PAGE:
The number of unique finishes and materials for the home is limited – concrete, ipe wood, stucco, glass, Corian, drywall. This creates a serene and calm interior and exterior. All materials are cohesive and meet the criteria of durability. I entertain a lot and also have dogs so I didn’t want anything to be precious.

Concrete floors are made elegant when tinted white and divided with terrazzo strips to create an oversized grid pattern. This material is used for every floor, on every level, and was cast in forms to create stair treads. It is also a wonderful conductor for the radiant floor heating.

Corian is a material that we love and use a lot at Cecconi Simone. It is everywhere in the home: countertops, sinks, wall treatments, backsplashes, door and drawer fronts and fireplace surround. It is hard–wearing, has invisible seams and is soft to the touch.

The kitchen is the soul of this home and the island its heart. It has hosted many celebrations around food and drink with family and friends. I love to cook and I like the look and performance of the Wolf professional range – it’s unapologetically big and imposing – but I wanted the other appliances to disappear. The integrated dishwasher, refrigerator, freezer and wine fridge achieve this aesthetic.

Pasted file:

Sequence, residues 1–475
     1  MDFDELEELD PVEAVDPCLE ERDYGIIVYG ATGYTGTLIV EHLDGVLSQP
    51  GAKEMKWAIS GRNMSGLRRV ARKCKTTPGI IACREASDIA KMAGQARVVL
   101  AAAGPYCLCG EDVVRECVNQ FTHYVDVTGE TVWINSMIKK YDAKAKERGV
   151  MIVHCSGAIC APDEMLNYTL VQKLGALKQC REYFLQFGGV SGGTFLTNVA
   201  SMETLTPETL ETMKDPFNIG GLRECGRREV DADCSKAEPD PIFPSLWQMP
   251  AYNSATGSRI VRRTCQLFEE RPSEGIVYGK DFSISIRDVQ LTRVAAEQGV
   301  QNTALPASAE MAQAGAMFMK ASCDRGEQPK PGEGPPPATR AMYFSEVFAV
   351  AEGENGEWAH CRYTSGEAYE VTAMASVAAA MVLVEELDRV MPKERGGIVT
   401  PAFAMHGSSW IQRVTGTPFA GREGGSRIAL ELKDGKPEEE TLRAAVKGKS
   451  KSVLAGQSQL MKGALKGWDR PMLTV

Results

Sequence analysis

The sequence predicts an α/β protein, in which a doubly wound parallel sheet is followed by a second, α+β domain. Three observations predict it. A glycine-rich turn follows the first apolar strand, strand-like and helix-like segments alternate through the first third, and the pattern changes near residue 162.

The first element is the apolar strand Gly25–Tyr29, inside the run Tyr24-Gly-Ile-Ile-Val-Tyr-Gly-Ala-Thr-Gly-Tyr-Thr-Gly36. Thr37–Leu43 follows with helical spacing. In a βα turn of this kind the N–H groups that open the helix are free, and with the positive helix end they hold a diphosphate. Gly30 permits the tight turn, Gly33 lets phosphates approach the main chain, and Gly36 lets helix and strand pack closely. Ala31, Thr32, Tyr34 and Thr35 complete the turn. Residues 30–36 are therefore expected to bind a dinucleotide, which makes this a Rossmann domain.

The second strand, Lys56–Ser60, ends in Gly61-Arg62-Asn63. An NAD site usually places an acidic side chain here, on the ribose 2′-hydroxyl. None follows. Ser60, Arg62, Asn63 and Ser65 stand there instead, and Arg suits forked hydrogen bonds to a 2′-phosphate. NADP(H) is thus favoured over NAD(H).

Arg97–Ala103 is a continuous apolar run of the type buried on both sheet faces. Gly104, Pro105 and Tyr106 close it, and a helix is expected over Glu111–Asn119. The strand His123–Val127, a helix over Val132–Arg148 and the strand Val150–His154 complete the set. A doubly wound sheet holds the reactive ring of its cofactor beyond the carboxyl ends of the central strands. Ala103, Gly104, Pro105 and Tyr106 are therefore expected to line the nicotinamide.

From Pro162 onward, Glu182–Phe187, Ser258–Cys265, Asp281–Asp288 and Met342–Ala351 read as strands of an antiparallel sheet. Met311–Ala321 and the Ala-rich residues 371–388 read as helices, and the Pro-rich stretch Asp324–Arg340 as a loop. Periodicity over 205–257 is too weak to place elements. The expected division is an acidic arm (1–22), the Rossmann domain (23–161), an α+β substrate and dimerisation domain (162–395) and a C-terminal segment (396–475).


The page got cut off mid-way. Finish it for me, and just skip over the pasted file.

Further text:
An all–white kitchen can be mundane – somewhat of a designer cliché – but this one offers great features and elements that make it anything but. A lot of attention was given to composition, framing and personalization. Beveled edges along the Corian counters and island add subtle dimensional depth. The slatted back wall – accommodating adjustable, cantilevered shelving – creates an engaging linear grid akin to lines on a paper. Pull–out drawers in the island contain cooking oils and condiments in close proximity to the range. A spice rack is concealed in the exhaust hood overhead. A tray storage is tucked behind the flat panel TV and is accessible from the side.

The master bedroom has wonderful natural light. The walk–in closet is generously proportioned and functional. The ensuite is spacious with separate toilet, a free–standing tub, separate shower room and a make–up area. It’s a great retreat at the end of a long day.

The rooftop was an afterthought. Initially, I had planned a walk–out from the main floor but when I was on the roof during construction and saw the view, I knew it had to be utilized. The glass rails provide a clear view to the neighbourhood and city, while the surrounding trees shade the roof. You feel as though you’re in a tree–house. Perimeter in–floor lighting gives a dramatic effect in the evening. Retractable shades provide cover on sunny days.

My home is my cottage in the city; a labour of love and an urban oasis in one of Toronto’s newest great neighbourhoods.



By Elaine Cecconi, Principal, Cecconi Simone
As seen in COLLECTIONS by Harvey Kalles Real Estate Ltd., Brokerage
Photo by Joy von Tiedemann